Retailers

Publix continues to eliminate waste by making sustainable retail foodservice changes

The Florida-based grocer continues to expand its efforts in energy efficiency in retail foodservice by opting for lighter plastic slider bags in deli, single labels in bakery and switching to returnable plastic totes for seafood shipments.
Photograph: Shutterstock

On its website Publix displays its real time estimate of the total paper and plastic grocery bags saved—based on the average improvement of paper and plastic grocery usage since mid-2007. The number is over 8 billion and growing.

As one of the largest employee-owned grocers in the U.S., Publix, the Florida-based grocer continues to expand its efforts in energy efficiency in retail foodservice as well.

The bakery department made changes to its product labeling, by consolidating the date, price and product description onto a single label, which resulted in eliminating about 35 million separate labels per year, Publix said on its website. Another step taken in the bakery foodservice section was the reduction of paper used for the grocer’s muffin cups, prompting around 13,000 pounds of paper saved per year, the grocer said on its website.

In the deli department, the grocery retailer opted to a lighter plastic slider bag bringing plastic usage down by more than 327,000 pounds per year.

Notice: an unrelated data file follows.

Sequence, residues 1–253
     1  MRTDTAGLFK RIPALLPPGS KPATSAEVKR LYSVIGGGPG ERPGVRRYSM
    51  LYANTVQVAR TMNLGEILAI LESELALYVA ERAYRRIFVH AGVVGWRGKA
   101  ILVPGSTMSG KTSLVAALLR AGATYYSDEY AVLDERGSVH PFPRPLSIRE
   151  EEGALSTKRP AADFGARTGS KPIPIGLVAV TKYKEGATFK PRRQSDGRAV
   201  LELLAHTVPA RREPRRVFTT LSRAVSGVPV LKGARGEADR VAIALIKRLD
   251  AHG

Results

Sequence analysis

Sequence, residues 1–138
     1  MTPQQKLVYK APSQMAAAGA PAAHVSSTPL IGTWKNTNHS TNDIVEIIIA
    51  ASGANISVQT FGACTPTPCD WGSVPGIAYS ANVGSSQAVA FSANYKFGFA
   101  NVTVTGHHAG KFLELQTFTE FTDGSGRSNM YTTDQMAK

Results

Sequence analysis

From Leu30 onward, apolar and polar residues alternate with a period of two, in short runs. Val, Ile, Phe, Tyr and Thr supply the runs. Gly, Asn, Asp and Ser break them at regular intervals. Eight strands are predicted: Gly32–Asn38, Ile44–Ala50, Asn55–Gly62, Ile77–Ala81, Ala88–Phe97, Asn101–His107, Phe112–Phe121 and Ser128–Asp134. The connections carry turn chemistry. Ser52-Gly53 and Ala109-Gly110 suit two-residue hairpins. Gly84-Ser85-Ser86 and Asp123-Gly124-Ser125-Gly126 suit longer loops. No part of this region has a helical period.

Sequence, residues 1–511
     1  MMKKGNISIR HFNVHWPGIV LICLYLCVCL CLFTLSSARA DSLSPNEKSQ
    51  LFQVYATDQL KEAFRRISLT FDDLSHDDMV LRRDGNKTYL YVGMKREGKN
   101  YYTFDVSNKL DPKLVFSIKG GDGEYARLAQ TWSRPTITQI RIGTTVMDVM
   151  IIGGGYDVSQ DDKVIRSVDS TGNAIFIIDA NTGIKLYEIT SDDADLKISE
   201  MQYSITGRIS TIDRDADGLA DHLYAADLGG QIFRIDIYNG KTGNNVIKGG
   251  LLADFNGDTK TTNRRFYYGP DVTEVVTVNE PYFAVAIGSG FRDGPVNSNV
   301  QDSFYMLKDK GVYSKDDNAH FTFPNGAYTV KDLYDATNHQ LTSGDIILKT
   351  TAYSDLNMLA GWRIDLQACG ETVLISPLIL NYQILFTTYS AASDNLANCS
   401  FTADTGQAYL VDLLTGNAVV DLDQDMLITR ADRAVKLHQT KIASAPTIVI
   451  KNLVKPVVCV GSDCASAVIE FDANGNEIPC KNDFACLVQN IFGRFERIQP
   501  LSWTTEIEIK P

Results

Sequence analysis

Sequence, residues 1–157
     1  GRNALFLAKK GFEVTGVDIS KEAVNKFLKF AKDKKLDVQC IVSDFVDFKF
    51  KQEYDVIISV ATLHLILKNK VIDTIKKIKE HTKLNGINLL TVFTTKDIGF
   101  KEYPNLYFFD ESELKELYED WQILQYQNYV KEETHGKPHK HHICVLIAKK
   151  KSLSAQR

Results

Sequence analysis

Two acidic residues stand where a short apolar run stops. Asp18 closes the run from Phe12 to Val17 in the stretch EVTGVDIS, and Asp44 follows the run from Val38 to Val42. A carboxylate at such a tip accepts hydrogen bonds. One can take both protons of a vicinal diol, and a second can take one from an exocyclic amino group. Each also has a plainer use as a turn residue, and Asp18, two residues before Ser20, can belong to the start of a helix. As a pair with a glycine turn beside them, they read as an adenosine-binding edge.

“By installing cutlery stations at each deli counter, Publix has removed the need for plastic-wrapped cutlery sets. This change has saved an estimated 35,600 pounds of plastic per year,” Publix said.

In the seafood department, Publix changed its shipping processes to eliminate polystyrene and other improvements. “By switching to returnable plastic totes for shipments, more than 190,000 polystyrene foam containers and hard-to-recycle cardboard has been eliminated,” Publix said.

This past June on World Oceans Day, Publix donated $40,000 to Sustainable Fisheries Partnership (SFP). This is the 12th year Publix has donated to SFP, contributing a total of $480,000 to support fishery and aquaculture improvement projects and other efforts to advance the sustainability of seafood, Publix said in a statement.

As consumers' dedication to sustainable living continues to climb, demand for more sustainable options extends beyond grocery retailers. Kwik Lok Corp, a leader in bag closures, are also listening to consumers’ sustainability goals.

In fact, one of Kwik Lok’s most sustainable products, the Eco-Lok closure, uses up to 20% less fossil fuel during manufacturing. One interesting anecdote, if retailers across the country used 100 million Eco-Lok closures annually, enough gas would be saved to drive back and forth between Mexico and Canada six times. That’s because Kwik Lok uses 100% natural, renewably sourced plant-based resin that requires less fuel to manufacture.

“We remain focused on delivering solutions that are not only innovative, but also focused on sustainability. We understand that there is no one-size-fits-all closure that meets the varying sustainability needs of our international customers,” said Don Carrell, CEO of Kwik Lok in a statement. “Our team will be available at IBIE to demonstrate our latest innovations and to help guide our current and potential customers in selecting the sustainable closure technology that best meets their business needs and market requirements.” 
 

 

 

 

This post is sponsored by Kwik Lok

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